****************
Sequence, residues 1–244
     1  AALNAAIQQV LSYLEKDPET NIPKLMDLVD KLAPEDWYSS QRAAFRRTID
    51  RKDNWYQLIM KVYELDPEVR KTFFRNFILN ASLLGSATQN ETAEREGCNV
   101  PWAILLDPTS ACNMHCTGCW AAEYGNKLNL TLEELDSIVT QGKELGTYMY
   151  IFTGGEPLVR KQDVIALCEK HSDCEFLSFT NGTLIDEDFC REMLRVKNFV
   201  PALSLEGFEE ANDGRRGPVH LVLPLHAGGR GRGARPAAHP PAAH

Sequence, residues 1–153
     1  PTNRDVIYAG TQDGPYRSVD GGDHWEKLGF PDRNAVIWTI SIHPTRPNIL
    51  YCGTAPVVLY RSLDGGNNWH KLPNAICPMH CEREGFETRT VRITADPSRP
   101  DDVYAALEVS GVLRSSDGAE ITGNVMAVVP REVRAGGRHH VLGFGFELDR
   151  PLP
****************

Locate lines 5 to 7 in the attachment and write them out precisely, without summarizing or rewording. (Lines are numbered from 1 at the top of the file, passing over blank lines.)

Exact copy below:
   151  IFTGGEPLVR KQDVIALCEK HSDCEFLSFT NGTLIDEDFC REMLRVKNFV
   201  PALSLEGFEE ANDGRRGPVH LVLPLHAGGR GRGARPAAHP PAAH

Sequence, residues 1–153